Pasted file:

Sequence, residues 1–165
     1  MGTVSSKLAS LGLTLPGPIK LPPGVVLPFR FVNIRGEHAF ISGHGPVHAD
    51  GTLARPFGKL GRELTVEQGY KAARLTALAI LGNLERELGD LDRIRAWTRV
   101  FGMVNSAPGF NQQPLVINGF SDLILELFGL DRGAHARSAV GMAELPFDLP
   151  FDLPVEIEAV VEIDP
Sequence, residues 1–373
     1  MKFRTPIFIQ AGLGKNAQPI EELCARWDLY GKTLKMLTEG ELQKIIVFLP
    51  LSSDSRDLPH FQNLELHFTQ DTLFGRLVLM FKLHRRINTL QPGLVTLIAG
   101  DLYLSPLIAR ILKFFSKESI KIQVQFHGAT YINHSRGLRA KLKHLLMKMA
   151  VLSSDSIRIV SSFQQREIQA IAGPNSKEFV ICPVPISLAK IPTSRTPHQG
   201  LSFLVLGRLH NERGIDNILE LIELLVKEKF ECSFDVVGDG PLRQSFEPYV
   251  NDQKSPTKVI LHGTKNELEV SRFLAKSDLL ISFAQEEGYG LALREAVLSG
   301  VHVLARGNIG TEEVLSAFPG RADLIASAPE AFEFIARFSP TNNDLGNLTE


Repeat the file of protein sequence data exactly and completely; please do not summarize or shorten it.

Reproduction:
Sequence, residues 1–165
     1  MGTVSSKLAS LGLTLPGPIK LPPGVVLPFR FVNIRGEHAF ISGHGPVHAD
    51  GTLARPFGKL GRELTVEQGY KAARLTALAI LGNLERELGD LDRIRAWTRV
   101  FGMVNSAPGF NQQPLVINGF SDLILELFGL DRGAHARSAV GMAELPFDLP
   151  FDLPVEIEAV VEIDP
Sequence, residues 1–373
     1  MKFRTPIFIQ AGLGKNAQPI EELCARWDLY GKTLKMLTEG ELQKIIVFLP
    51  LSSDSRDLPH FQNLELHFTQ DTLFGRLVLM FKLHRRINTL QPGLVTLIAG
   101  DLYLSPLIAR ILKFFSKESI KIQVQFHGAT YINHSRGLRA KLKHLLMKMA
   151  VLSSDSIRIV SSFQQREIQA IAGPNSKEFV ICPVPISLAK IPTSRTPHQG
   201  LSFLVLGRLH NERGIDNILE LIELLVKEKF ECSFDVVGDG PLRQSFEPYV
   251  NDQKSPTKVI LHGTKNELEV SRFLAKSDLL ISFAQEEGYG LALREAVLSG
   301  VHVLARGNIG TEEVLSAFPG RADLIASAPE AFEFIARFSP TNNDLGNLTE